"We were just sitting in his room, and he said he had something for me. He pulled out the ring and got down on one knee. I said, `I guess I should stand up,'" she remembers. "It was a shock to see him on one knee, with a diamond ring. I was speechless, so he was like, `Please!'"
The two plan a church wedding on August 29 in a small Kansas town, all of which is invited to the event.
The Chem 10 sweethearts next year will live together in Kansas City, Mo. Runft plans to attend medical school in 1999, and Liu is considering art school.
Both say they plan to have a family, but she says that will happen "when I'm a doctor," while he puts the date "in the far future."
Love At First Type
For Abigail E. Baker '98, love was just a mouse click away. She and fiancée Jack C. Lin met on match.com, a singles' Web page.
According to Baker, Lin, who is a medical student at the American University of the Caribbean, fell in love with her after reading the description she wrote for the service.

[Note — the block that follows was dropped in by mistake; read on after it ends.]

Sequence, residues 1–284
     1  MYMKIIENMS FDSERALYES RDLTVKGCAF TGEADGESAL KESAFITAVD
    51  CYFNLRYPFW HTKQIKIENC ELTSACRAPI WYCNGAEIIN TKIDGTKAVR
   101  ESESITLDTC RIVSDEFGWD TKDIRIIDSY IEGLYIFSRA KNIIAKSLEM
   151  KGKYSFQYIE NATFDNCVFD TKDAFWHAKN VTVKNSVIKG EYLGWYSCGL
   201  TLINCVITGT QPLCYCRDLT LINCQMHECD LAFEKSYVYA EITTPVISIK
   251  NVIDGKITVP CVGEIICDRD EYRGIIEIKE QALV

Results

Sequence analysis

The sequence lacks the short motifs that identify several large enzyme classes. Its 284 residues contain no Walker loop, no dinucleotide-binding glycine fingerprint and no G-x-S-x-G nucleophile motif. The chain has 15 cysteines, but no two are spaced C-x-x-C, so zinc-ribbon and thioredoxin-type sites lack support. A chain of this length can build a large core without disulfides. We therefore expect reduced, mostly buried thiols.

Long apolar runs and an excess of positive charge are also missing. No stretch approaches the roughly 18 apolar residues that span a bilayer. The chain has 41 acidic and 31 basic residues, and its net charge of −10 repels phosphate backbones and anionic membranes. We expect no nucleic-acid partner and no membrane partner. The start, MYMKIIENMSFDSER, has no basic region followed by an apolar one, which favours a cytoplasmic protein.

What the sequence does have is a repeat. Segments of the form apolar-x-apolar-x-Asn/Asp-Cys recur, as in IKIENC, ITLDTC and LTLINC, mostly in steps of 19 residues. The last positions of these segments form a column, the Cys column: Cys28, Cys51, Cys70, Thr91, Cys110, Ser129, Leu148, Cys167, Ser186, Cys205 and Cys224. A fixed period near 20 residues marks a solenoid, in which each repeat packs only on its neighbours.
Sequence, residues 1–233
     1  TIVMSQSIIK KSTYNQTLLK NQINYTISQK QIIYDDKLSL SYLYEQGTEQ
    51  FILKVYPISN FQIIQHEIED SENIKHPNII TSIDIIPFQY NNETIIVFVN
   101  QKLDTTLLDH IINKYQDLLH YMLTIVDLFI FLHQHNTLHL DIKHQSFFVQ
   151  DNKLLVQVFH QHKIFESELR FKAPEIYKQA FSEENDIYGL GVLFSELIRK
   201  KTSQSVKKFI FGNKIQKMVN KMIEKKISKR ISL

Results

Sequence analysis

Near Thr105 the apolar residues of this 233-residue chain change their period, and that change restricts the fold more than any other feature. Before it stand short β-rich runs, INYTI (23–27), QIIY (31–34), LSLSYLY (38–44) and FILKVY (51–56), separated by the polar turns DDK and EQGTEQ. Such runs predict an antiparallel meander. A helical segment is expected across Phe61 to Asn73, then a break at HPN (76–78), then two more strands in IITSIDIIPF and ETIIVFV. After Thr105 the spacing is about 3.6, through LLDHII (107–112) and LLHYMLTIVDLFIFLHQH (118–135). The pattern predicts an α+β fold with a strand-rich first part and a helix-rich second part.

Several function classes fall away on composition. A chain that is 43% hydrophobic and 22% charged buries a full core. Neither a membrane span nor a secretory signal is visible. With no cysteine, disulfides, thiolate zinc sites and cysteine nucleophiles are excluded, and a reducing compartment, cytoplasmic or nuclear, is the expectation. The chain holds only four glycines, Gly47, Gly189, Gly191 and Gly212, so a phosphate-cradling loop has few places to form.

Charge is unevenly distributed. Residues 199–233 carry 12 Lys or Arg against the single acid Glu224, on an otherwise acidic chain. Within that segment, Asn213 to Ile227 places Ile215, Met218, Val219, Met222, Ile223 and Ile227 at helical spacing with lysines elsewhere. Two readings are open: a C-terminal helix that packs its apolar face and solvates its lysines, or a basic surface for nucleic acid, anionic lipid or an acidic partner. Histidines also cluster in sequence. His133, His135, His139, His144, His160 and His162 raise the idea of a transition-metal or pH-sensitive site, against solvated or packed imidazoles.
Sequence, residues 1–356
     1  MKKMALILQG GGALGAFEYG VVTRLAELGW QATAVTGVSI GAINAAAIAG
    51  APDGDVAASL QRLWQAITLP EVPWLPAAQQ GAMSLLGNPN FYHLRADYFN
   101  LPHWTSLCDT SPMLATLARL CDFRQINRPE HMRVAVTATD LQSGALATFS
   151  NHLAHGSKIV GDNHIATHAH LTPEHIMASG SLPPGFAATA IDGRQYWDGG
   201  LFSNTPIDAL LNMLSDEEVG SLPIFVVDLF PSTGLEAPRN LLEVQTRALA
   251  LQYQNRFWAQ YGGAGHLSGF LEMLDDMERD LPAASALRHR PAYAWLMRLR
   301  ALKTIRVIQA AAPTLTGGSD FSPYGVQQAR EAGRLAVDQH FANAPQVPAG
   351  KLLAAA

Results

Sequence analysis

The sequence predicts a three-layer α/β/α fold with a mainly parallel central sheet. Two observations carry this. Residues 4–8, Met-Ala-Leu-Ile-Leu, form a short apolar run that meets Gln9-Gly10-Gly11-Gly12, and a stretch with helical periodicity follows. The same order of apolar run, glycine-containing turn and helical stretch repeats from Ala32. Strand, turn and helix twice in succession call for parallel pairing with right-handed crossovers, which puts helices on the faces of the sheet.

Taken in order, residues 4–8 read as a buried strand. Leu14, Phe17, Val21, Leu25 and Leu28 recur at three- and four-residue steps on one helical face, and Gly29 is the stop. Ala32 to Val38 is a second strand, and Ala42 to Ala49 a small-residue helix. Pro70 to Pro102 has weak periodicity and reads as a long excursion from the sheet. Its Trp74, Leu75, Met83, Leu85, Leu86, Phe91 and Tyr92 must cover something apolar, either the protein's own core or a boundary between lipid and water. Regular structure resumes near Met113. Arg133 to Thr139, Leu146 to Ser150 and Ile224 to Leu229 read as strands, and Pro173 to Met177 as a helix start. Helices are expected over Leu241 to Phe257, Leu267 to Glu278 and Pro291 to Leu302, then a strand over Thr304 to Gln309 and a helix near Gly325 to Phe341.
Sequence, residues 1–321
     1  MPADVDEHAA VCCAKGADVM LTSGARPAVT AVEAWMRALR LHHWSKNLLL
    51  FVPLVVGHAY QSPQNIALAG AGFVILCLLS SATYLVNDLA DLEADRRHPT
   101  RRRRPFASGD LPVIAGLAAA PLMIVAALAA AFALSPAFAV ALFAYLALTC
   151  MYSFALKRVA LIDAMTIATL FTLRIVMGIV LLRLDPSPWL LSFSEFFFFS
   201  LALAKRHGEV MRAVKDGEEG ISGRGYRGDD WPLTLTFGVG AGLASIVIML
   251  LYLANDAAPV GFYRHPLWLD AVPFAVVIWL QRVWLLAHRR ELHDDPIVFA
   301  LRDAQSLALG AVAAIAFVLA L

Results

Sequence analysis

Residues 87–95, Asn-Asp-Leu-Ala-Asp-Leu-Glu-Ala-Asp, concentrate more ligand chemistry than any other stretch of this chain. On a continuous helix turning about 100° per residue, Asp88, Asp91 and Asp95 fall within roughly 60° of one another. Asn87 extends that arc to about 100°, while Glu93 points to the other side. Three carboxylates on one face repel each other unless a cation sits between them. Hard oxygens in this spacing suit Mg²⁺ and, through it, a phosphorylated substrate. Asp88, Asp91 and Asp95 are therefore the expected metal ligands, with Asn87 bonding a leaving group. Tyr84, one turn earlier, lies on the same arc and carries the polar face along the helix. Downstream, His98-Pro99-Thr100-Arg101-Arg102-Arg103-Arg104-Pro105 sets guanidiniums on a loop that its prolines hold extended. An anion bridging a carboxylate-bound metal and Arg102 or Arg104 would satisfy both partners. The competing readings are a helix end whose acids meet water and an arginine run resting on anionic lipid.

"He read my profile, and he was like, 'Oh my God,'" Baker says. "He wrote me a really short note and was like you're the type of girl I'm interested in. What he didn't know was that I had already read his profile and I had thought he sounded really cool."
But for Baker, love took a little longer to develop--at least several days.
"I was little skeptical. I'm very anal about the way I type, and he is more loose about it," she says. "It didn't really seem like he was on top of things as I am."
But Baker says that a week into their on-line relationship the two knew they were logged on to love. It was at that point that Lin called Baker and spoke to her for the first time.
Their conservation lasted eight hours.
"When we talked, he was just amazing. He's completely perfect in every way," Baker says.
One week after their first phone conversation and two weeks after they first met on-line, Lin visited Boston.
The couple discussed marriage during that very first visit and programmed their future.
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